We're still well over a year away from "Decision '08", but that hasn't stopped aspiring presidents from announcing their candidacies on platforms like YouTube. Online political marketing for 2008 presidential campaigns got their kick start when John Edwards was first out of the gate with his announcement to seek the democratic nomination for president airing on YouTube. By in large, the democratic candidates have become quite savvy internet marketers, and yes, Barack Obama now knows what a widget is (or at least his internet team does!).
What about the republicans? John McCain, Rudy Giuliani and Mitt Romney - officially those are the ones we know about, how are they using internet marketing, social media and search? Compared to their democrat counterparts, they are leaving a lot on the table. I took a look at these three front runners and came away thinking, they really need some serious help when stacked up to Edwards, Clinton and Obama.
Below is a quick synopsis on how these three front runners stack up:
John McCain's Presidential Campaign Website: www.JohnMcCain.com
Natural Search: There's a reason why when you type in "John McCain" into Google, this website doesn't come up, it's first page, on first visit is entirely in Flash. However, a 2nd visit back to the site, you no longer get the splash page because a cookie tacked on in the first visit tells the site to present the "real" home page. Title Tags for the website are all the same. Content is really lacking, meaning actual "text" a spider could read (if it could get to the pages in the first place). Rating: D
PPC: Campaign seems to be limited to his name. Obviously since the site doesn't rank naturally for "John McCain" they have to get visitors to the site who are searching for him. Rating: C
Social Media: This is the site's and campaign's strongest feature. They have a deep social networking program being run here. From creating your own blog and "JohnMcCainSpace" on the site, to a YouTube and Veoh channel, they've definitely got a handle on the social media mix. Rating: A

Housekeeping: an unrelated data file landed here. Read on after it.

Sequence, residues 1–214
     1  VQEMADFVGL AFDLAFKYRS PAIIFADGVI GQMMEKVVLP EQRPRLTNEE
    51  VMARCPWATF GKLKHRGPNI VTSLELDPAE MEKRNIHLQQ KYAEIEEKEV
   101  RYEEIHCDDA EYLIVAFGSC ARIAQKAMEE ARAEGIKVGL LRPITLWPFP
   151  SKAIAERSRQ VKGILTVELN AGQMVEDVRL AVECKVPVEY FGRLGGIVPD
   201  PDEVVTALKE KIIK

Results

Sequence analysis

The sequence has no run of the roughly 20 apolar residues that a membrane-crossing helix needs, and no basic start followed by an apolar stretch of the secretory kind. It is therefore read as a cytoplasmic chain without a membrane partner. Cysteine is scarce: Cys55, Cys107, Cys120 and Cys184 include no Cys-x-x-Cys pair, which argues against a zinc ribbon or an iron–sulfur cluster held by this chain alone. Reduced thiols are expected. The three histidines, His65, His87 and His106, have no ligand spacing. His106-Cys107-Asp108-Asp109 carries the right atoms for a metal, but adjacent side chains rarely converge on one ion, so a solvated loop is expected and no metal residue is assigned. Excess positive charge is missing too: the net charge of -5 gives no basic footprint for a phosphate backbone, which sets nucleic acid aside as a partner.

Rudy Giuliani's Presidential Exploratory Committee Website: www.JoinRudy2008.com
Natural Search: Rudy Giuliani's exploratory committee's website fairs a lot better than McCain's when it comes to ranking for "Rudy Giuliani". The site is a mixture of content and images, however heavier to the image side. Places where they could capitalize on utilizing keywords, those words are embedded in images. Where they could break out content and capitalize on focusing around special key words, they combine all the information, thus making pages with no real key word focus, that makes the inner pages tough to rank for much of anything beyond "Rudy Guliani." Rating C+
PPC: Like McCain, the campaign is limited to his spending for ads to appear when Rudy's name is searched on. Rating C
Social Media: If one would qualify RSS feeds in with Social Media, then they have one element. However, other than the RSS feeds, there's no elements of social media on the site at all. Rating D
Mitt Romney's Presidential Campaign Website: www.MittRomney.com
Natural Search: Of the three candidates, Romney's site has the best natural search optimization. That being said, it's still leaves a lot to be desired. There is definitely room for improvement and keyword research & implementation for this site could catapult it to the next level. There's a nice mix/balance of images and content - it just needs to be more focused. Rating B+
PPC: No difference than the other two, ppc campaign just focuses on "Mitt Romney" (not even just Mitt - Rudy does just "Rudy). Rating C
Social Media: Mitt's site promotes his Facebook and his own YouTube channel, but that's the extent of use of social media. There is a section called "Mitt TV" but, that's totally interactive media, nothing social about it. Rating B-
Overall these sites are leaving so much behind. Whether it's not capitalizing on simple searches like "republicans for president" or even misspellings of their name in natural and paid search, they should start beefing up their sites and PPC campaigns.
Social Media wise, McCain by far is ahead of this particular pack. However, not one of these candidates have their own blog. All of their democratic counterparts have them and they are all rather popular. John McCain has a "Blog" link on his site, but it leads you to the social media part where you, yourself, could create your own blog on John McCain's site.
When it comes to online marketing, the republicans have a long way to go. Lucky for them November 2008 is well over a year away and they have some time to beef up their sites and implement new online strategies that could counter what the democrats are doing. If the race for president were held today, I'm pretty certain more people on the web are aware of the democrats and their websites, than the republicans - who do you think that would fair better for?